US9160455B2 (en) 2011-07-14 2015-10-13 Applied Optoelectronics, Inc. External cavity laser array system and WDM optical system including same
CN107078460B (en) * 2014-09-08 2019-11-19 朗美通技术英国有限公司 Single chip integrated semiconductor laser with tunable
US9209601B2 (en) 2011-08-26 2015-12-08 Oclaro Technology Ltd Monolithically integrated tunable semiconductor laser
GB2493989A (en) 2011-08-26 2013-02-27 Oclaro Technology Ltd Tunable multi-mode laser
GB2493988B (en) * 2011-08-26 2016-01-13 Oclaro Technology Ltd Monolithically integrated tunable semiconductor laser
US9106050B2 (en) 2011-10-17 2015-08-11 Futurewei Technologies, Inc. Self-characterization tunable optical network unit
JP6067231B2 (en) * 2012-02-21 2017-01-25 古河電気工業株式会社 Optical filter and semiconductor laser device
GB2507527A (en) * 2012-11-01 2014-05-07 Oclaro Technology Ltd Semiconductor DBR laser
US9306671B2 (en) 2012-12-07 2016-04-05 Applied Optoelectronics, Inc. Thermally isolated multi-channel transmitter optical subassembly and optical transceiver module including same
US9614620B2 (en) 2013-02-06 2017-04-04 Applied Optoelectronics, Inc. Coaxial transmitter optical subassembly (TOSA) with cuboid type to laser package and optical transceiver including same
US8831433B2 (en) 2012-12-07 2014-09-09 Applied Optoelectronics, Inc. Temperature controlled multi-channel transmitter optical subassembly and optical transceiver module including same
US9236945B2 (en) 2012-12-07 2016-01-12 Applied Optoelectronics, Inc. Thermally shielded multi-channel transmitter optical subassembly and optical transceiver module including same
CN107852244A (en) 2015-05-22 2018-03-27 祥茂光电科技股份有限公司 Axis light emission secondary module (TOSA) with cuboid-type TO individual laser packages and include its optical transceiver
US8995484B2 (en) 2013-02-22 2015-03-31 Applied Optoelectronics, Inc. Temperature controlled multi-channel transmitter optical subassembly and optical transceiver module including same
US9136972B2 (en) * 2013-12-27 2015-09-15 Infinera Corporation Controlling an optical transmitter that supports multiple modulation formats and baud rates
GB2522410A (en) 2014-01-20 2015-07-29 Rockley Photonics Ltd Tunable SOI laser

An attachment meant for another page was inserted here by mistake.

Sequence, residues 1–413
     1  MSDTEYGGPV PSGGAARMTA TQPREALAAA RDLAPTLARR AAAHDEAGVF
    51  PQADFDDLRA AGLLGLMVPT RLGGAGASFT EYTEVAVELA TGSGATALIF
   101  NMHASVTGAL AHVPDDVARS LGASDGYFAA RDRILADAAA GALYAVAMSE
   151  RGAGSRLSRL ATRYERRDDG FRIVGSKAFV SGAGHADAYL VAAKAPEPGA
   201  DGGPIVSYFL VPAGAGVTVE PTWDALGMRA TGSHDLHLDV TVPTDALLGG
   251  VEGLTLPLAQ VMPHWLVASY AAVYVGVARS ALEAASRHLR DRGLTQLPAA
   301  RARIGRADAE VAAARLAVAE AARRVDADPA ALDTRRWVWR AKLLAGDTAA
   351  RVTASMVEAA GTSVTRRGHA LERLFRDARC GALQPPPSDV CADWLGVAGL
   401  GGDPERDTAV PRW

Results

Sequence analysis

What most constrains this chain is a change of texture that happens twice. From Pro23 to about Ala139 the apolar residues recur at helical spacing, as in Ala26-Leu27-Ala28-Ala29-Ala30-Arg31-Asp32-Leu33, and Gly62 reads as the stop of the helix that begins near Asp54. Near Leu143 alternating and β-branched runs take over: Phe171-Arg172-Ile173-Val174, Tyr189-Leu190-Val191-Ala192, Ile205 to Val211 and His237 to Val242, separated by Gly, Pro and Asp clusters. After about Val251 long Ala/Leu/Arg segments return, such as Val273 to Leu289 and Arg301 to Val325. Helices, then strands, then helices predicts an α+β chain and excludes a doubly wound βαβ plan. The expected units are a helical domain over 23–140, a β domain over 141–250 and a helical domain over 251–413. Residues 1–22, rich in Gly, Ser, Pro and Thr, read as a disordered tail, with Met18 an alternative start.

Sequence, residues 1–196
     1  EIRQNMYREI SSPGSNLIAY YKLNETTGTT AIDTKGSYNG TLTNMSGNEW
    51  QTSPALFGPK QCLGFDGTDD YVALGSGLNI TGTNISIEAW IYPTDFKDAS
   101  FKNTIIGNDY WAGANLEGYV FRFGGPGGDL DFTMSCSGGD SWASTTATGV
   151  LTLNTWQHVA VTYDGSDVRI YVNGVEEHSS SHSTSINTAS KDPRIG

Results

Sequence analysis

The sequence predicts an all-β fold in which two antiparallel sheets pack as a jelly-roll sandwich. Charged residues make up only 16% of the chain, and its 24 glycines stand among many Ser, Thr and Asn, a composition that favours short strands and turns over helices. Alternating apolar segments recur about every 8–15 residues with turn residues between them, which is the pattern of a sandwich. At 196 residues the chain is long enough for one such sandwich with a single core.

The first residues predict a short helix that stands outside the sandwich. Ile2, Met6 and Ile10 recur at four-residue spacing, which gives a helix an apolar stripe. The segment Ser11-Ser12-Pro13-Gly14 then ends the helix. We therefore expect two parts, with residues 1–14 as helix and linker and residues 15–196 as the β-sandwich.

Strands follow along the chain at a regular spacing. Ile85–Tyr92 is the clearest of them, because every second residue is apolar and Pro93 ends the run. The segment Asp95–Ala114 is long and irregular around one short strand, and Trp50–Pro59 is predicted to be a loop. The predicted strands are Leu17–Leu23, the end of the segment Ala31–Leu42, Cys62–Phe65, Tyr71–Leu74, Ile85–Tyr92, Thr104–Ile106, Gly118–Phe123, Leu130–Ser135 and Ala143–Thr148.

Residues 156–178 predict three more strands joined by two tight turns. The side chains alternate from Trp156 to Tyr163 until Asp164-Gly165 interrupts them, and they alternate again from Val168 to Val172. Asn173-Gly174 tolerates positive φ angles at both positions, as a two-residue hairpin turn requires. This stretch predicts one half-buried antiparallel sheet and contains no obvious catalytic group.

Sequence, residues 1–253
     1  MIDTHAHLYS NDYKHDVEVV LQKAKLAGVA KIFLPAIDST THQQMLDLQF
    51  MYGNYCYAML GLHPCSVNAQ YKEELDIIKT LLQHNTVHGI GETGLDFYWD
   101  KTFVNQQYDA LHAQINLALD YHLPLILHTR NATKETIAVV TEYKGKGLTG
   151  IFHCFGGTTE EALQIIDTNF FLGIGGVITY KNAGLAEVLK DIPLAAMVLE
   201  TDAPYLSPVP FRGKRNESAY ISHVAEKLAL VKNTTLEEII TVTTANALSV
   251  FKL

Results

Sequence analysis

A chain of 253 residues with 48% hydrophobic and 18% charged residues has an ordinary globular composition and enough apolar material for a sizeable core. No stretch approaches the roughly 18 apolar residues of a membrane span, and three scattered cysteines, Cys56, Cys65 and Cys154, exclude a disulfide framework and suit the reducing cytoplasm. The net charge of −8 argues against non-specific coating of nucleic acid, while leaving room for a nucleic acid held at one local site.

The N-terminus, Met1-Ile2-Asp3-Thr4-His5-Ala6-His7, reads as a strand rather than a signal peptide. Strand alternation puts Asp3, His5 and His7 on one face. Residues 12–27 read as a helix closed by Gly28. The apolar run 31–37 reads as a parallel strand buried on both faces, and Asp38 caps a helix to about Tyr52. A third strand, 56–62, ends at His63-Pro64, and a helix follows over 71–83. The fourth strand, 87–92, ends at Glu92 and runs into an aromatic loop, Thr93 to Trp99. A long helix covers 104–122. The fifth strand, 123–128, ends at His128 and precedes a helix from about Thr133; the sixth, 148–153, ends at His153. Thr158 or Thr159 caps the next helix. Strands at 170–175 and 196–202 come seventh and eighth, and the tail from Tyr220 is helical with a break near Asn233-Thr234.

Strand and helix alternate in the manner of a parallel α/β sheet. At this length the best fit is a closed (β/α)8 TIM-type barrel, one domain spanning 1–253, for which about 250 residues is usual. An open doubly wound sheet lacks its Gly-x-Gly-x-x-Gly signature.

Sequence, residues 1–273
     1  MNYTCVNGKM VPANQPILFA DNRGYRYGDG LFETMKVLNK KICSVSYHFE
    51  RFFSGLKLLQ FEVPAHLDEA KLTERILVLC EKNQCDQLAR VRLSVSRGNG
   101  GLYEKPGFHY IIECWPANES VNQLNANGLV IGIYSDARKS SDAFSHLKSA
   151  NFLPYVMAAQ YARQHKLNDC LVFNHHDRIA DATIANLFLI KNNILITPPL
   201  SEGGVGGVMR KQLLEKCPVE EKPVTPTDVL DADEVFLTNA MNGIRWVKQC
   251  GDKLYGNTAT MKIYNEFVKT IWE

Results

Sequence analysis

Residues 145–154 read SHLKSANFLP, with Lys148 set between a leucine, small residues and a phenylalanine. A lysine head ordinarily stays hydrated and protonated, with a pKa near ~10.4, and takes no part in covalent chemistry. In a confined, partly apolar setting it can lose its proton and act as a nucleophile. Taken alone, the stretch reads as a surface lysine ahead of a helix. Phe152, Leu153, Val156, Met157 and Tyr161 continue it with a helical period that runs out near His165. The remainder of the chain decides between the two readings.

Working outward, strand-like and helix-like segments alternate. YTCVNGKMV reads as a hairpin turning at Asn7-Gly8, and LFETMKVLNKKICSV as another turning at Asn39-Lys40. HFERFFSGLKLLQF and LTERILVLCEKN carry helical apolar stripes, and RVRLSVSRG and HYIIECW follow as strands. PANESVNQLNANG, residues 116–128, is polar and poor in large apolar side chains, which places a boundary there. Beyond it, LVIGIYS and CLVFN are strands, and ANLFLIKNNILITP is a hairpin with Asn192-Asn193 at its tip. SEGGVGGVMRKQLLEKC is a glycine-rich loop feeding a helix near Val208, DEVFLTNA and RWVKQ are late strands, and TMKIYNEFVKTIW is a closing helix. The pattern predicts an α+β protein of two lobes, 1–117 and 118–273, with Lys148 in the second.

GB2522252B (en) 2014-01-20 2016-04-20 Rockley Photonics Ltd Tunable SOI laser
US9964720B2 (en) 2014-06-04 2018-05-08 Applied Optoelectronics, Inc. Monitoring and controlling temperature across a laser array in a transmitter optical subassembly (TOSA) package
US9762028B2 (en) * 2015-01-06 2017-09-12 Applied Optoelectronics, Inc. Two-section semiconductor laser with modulation-independent grating section to reduce chirp
US9627851B1 (en) * 2015-10-28 2017-04-18 Rockley Photonics Limited Discrete wavelength tunable laser
US9997890B2 (en) 2015-10-28 2018-06-12 Rockley Photonics Limited Discrete wavelength tunable laser
FR3043852B1 (en) * 2015-11-13 2017-12-22 Commissariat Energie Atomique Laser device and method for manufacturing such a laser device
CN108701968A (en) * 2016-03-09 2018-10-23 华为技术有限公司 A kind of image intensifer
US9876576B2 (en) 2016-03-17 2018-01-23 Applied Optoelectronics, Inc. Layered coaxial transmitter optical subassemblies with support bridge therebetween
CN105891937B (en) * 2016-05-25 2018-12-07 哈尔滨工程大学 A kind of broadband Terahertz reflector of compounding period waveguiding structure
EP3586410A1 (en) * 2017-03-29 2020-01-01 IPG Photonics Corporation Chirped pulse amplification laser system
CN107425405B (en) * 2017-06-29 2019-11-08 武汉电信器件有限公司 A kind of semiconductor laser with tunable
CN110212401B (en) * 2019-08-01 2019-11-19 南京南智先进光电集成技术研究院有限公司 A kind of on piece distributed feed-back optical parametric oscillator

Family Cites Families (15)

* Cited by examiner, † Cited by third party
Publication number Priority date Publication date Assignee Title
JP2825508B2 (en) * 1987-10-09 1998-11-18 株式会社日立製作所 The semiconductor laser device and an optical communication system